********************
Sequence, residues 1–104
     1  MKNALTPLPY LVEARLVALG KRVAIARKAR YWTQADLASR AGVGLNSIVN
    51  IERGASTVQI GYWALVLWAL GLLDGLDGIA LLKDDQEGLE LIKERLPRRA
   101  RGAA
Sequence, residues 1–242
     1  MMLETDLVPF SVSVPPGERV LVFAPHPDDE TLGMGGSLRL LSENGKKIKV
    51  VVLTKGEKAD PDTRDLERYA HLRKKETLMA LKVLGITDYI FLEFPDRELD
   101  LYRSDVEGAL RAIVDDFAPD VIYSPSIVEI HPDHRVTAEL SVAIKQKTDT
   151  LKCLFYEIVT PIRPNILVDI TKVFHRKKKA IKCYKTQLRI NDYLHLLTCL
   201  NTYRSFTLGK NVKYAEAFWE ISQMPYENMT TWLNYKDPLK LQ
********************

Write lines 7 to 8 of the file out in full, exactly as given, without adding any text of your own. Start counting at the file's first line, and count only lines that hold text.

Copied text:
    51  VVLTKGEKAD PDTRDLERYA HLRKKETLMA LKVLGITDYI FLEFPDRELD
   101  LYRSDVEGAL RAIVDDFAPD VIYSPSIVEI HPDHRVTAEL SVAIKQKTDT